Intragastric administration of 2.0 g/kg bw or 8.0 g/kg bw of the seeds to rats with or without alloxan-induced diabetes produced a signifi cant decrease (P < 0.05) in blood glucose. Intragastric administration of a single dose of 0.5 ml of a decoction or 200.0 mg/kg bw of an ethanol extract of the seeds to mice with or without alloxan-induced diabetes reduced serum glucose levels. Chronic administration of a high-fibre defatted extract of the seeds in the diet (content not specifi ed) to dogs with alloxan-induced diabetes for 21 days decreased hyperglycaemia and glucosuria, and reduced the high levels of plasma glucagon and somatostatin. Intragastric administration of an acetone extract of the seeds (dose not specifi ed) to fasted rats antagonized hyperglycaemia induced by cadmium or alloxan but had no effect on normal animals.

Anti-implantation activity

Extracts of the seeds (undefi ned) exhibited anti-implantation effects (approximately 30%) in rats when administered orally in a single dose of 25.0 mg/kg bw from day 1 to day 10 of pregnancy. The average number of fetal implants was signifi cantly decreased (P < 0.05).
Antioxidant activity
Administration of 2 g/kg bw of the seeds in the diet of rats with alloxaninduced diabetes lowered lipid peroxidation, increased the glutathione and β-carotene concentrations and reduced the α-tocopherol content in the blood.

Gastrointestinal effects

Administration of 10.0 mg/300 g bw, 12.5 mg/300 g bw or 100.0 mg/300 g bw of a steroid-enriched extract of the seeds per day in the diet to rats with or without streptozotocin-induced diabetes signifi cantly (P < 0.01) increased food intake and the motivation to eat. The treatment also decreased total plasma cholesterol without changing the level of triglycerides.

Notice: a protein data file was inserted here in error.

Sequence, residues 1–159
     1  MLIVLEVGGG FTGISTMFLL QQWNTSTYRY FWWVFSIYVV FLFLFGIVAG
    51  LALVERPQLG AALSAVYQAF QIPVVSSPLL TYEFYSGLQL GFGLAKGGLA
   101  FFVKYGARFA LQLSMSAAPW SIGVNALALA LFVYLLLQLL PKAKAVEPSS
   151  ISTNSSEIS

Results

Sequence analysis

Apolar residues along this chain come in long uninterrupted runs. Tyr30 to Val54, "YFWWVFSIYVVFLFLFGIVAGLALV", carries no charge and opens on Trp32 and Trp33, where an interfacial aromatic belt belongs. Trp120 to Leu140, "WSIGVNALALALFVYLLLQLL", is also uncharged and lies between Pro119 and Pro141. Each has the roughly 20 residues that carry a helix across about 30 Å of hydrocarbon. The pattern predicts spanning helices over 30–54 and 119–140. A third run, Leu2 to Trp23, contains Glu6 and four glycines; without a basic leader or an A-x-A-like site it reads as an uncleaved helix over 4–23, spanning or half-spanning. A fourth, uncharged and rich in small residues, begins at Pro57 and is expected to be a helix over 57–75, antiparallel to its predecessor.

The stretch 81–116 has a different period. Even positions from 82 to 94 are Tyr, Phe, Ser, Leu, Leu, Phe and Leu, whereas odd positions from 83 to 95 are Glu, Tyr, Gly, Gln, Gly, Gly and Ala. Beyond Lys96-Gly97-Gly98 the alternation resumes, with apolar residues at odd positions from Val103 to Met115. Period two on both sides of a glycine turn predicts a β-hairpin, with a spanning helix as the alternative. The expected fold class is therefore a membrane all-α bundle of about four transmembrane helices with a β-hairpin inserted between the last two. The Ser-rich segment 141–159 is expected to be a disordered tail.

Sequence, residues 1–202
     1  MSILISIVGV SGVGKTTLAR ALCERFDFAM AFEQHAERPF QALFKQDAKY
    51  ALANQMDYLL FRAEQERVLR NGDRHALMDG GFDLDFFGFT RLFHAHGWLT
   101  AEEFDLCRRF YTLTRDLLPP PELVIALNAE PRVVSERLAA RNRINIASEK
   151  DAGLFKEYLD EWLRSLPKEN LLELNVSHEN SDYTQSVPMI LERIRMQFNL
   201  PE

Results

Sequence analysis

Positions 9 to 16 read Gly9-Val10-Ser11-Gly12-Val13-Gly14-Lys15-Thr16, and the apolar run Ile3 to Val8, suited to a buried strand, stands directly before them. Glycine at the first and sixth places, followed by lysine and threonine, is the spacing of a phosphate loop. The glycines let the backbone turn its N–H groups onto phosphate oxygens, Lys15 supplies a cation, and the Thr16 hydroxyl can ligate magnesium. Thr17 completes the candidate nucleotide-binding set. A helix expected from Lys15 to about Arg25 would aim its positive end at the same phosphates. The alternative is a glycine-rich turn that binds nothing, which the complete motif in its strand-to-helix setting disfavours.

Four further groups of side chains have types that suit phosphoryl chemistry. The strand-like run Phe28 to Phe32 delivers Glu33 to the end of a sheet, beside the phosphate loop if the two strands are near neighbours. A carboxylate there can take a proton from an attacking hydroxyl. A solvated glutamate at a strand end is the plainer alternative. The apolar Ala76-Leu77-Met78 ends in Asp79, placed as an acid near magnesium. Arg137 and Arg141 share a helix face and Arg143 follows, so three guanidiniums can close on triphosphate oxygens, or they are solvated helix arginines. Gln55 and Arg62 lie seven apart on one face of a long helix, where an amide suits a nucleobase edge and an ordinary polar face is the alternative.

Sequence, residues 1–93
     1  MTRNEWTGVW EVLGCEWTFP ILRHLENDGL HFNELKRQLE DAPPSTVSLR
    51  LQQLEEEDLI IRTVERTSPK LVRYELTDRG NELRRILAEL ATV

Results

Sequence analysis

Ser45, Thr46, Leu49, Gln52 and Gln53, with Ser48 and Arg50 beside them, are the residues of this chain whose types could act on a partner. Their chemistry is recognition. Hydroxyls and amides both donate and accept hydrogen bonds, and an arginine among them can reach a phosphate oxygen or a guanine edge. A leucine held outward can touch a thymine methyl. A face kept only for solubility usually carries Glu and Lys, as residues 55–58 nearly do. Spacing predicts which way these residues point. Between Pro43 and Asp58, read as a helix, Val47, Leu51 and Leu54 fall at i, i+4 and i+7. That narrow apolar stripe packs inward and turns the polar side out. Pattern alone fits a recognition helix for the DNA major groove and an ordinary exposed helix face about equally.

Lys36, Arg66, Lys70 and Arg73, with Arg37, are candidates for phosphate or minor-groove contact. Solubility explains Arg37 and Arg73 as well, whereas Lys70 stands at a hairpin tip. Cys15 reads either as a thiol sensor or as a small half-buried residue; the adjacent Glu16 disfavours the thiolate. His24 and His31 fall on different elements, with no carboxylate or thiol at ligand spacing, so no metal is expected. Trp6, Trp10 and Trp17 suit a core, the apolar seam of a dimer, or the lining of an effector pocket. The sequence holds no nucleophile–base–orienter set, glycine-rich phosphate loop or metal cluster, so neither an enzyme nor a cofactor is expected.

Intragastric administration of a debitterized powder of the seeds to mice and rats, 2.0 g/kg bw and 5.0 g/kg bw respectively, did not produce any signs of acute toxicity or mortality. In a 90-day subchronic study, weanling rats were fed with the powder in the diet, 1.0%, 5.0% or 10.0%. Terminal autopsy showed no signs of organ damage, increase in liver enzymes, haematological changes or toxicity (36). Administration of a saponin fraction from the seeds by intramuscular injection, by intraperitoneal injection, 50.0 mg/kg bw per day, or in drinking- water, 500.0 mg/kg bw, to chicks for 21 days decreased body weight and increased liver enzymes. Pathological changes observed included fatty cytoplasmic vacuolation in the liver, necrosis of hepatocytes with lymphocytic infi ltration, epithelial degeneration of the renal tubules, catarrhal enteritis, myositis and peritonitis (37). Intragastric administration of an aqueous or 95% ethanol extract of the seeds (dose not specifi ed) stimulated uterine contractions in healthy and pregnant rats, mice and guinea-pigs (38, 39). In vitro, a 50% ethanol extract of the seeds, 2%, had spermicidal effects and immediately immobilized human sperm on contact (40, 41).

Clinical pharmacology

Numerous clinical studies have assessed the effects of the seeds on serum cholesterol and glucose levels in patients with mild to moderate hypercholesterolaemia or diabetes.